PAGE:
To better understand the present invention, reference will be made to FIG. 1 for describing a relation between the brightness of a sidelight tube and temperature around it. In FIG. 1, the ordinate and abscissa respectively indicate the relative brightness (%) of a sidelight tube and temperature (° C.) around the sidelight tube. The relative brightness is assumed to be 100% at room temperature (25° C.). A curve I is representative of brightness measured when the backlight was driven by a current of 5 mA. A curve II is representative of brightness measured when the drive current was 5 mA.
The sidelight tube is implemented by a cold cathode discharge lamp. Therefore, the surface temperature of the sidelight tube can be considered to be substantially identical with the surrounding temperature. As the curves I and II indicate, the brightness of the sidelight tube decreases with a decrease in surrounding temperature at temperatures below 40° C. For example, when the surrounding temperature is 10° C., the brightness is lower than when it is 25° C. by about 50%.
Conventional LCDs using the above sidelight tube give no consideration to the fall of brightness at low temperatures, as discussed earlier. This makes it difficult to see images appearing on the LCDs.
Referring to FIG. 1, a backlight control device embodying the present invention is shown and applied to a digital still camera by way of example. As shown, the control device, generally 100, controls the brightness of a backlight 10 used to illuminate an LCD panel. The control device includes a backlight temperature sensing 12, a battery unit 20, a backlight section 22 including the backlight 10, and a controller 24. The battery unit 20 has a kind-of-battery detection 16 and a remaining battery power detection 18. The controller 24 implemented as a CPU (Central Processing Unit).
The backlight temperature sensing 12 senses the temperature of the backlight 10. As shown in FIG. 3 specifically, the sensing 12 includes a thermistor 26, a resistor 28, and an AD (Analog-to-Digital) converter 23. The thermistor 26 is connected to a power source voltage at one end and serially connected to one end of the resistor 28 at the other end. The other end of the resistor 28 is connected to ground.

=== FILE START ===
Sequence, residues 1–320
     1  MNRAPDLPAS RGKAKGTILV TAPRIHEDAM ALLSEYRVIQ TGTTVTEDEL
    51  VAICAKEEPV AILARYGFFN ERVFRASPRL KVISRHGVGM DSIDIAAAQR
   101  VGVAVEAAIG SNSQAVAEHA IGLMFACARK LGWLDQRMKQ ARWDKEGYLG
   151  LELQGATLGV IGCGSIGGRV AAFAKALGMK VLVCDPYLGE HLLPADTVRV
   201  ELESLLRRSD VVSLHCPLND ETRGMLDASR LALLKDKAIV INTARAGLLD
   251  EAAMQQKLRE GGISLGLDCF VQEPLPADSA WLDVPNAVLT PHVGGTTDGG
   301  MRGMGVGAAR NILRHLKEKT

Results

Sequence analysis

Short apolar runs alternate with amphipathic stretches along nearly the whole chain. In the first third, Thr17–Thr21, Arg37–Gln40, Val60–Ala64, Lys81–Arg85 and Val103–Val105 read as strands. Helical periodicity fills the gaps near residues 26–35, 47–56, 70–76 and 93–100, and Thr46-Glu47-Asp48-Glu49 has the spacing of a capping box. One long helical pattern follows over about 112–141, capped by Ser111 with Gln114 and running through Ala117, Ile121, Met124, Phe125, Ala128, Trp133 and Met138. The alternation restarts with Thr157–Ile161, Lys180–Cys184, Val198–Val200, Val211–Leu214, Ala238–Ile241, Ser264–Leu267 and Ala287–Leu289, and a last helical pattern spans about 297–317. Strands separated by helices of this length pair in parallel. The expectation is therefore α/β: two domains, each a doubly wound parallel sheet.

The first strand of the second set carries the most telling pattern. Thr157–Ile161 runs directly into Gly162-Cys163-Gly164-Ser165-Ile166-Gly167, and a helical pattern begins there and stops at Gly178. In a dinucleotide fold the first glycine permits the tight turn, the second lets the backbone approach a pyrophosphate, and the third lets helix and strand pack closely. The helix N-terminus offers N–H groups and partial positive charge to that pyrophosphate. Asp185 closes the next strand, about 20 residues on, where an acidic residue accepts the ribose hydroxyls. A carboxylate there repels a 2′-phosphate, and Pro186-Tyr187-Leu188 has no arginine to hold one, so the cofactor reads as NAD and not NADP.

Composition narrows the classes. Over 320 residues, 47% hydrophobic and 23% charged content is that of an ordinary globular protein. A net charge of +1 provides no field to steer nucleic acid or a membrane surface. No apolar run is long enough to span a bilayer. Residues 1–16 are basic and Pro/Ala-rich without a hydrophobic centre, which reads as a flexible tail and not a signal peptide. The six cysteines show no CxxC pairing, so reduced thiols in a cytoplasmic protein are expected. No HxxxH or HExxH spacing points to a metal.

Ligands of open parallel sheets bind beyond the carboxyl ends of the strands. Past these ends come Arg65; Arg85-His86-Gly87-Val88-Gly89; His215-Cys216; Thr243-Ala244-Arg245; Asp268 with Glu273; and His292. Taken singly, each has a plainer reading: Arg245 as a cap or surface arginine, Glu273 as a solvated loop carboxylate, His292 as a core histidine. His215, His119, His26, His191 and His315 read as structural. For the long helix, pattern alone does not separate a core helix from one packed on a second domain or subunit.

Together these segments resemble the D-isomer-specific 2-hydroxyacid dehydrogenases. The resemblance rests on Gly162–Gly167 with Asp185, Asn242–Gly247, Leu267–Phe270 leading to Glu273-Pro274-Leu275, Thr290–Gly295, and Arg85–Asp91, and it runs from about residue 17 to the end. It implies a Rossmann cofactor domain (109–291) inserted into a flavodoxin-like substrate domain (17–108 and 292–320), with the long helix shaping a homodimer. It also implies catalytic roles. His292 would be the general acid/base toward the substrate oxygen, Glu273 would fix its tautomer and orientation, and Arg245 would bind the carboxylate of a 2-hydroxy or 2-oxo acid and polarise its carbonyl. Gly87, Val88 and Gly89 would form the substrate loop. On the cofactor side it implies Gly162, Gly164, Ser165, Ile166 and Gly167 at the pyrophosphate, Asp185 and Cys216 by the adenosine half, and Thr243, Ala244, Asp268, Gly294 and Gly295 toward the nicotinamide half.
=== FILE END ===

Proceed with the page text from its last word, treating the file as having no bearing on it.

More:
A node 30 between the thermistor 26 and the resistor 28 is connected to the AD converter 23. The AD converter 23 converts a voltage appearing on the node 30 to a digital value and delivers it to the controller 24 as a backlight temperature signal.
The kind-of-battery detection 16 detects the kind of a battery 14 for feeding power to the backlight 10. Batteries are generally classified into two kinds, i.e., a specific kind capable of feeding great power and a nonspecific kind incapable of feeding great power. The specific kind of battery may be a lithium ion battery, nickel-hydrogen battery or a nickel-cadmium battery by way of example. The nonspecific kind of battery may be an alkaline battery by way of example.
FIG. 4B shows a cylindrical dry battery 46 typifying the nonspecific kind of battery while FIG. 4C shows a noncylindrical dry battery 48 typifying the specific kind of battery. In the illustrative embodiment, the kind-of-battery detection 16 determines the kind of the battery 14 on the basis of the shape of the battery 14.
FIG. 4A shows a battery box 40 playing the role of means for determining the shape of the battery 14. The battery box 40 includes electrodes 44 so arranged as to accommodate either two cylindrical dry batteries 46 or a single noncylindrical dry battery 48, as desired. A push-button switch 42 is positioned on the bottom of the inside of the battery box 40 such that the noncylindrical dry battery 48 contacts it, but the cylindrical dry batteries 46 do not contact it. That is, the battery 48 pushes the switch 42, but the batteries 46 do not push it. The kind-of-battery detection 16 sends a kind-of-battery signal representative of the kind of the battery 14, FIG. 2, to the controller 24.
The remaining battery power detection 18 detects the remaining power of the battery 14 and sends a remaining battery power signal to the controller 24. To detect the remaining power of the battery 14, there may be used a conventional method proposed by battery manufacturers. In accordance with the proposed method, a microprocessor, not shown, is included in the remaining battery power detection 18 in order to constantly monitor the varying voltage and the current of the battery 14 as well as temperature.
Alternatively, a load acting on the battery 14 may be varied in order to measure the drop of battery voltage with respect to time when the power to be fed from the battery 14 is increased. FIG. 6 shows a specific arrangement for practicing such an alternative scheme. As shown, a load variation 26 increases the power to be fed from the battery 14 for a moment. A voltage detection 38 measures the drop of battery voltage with respect to time when the power is so increased by the load variation 26.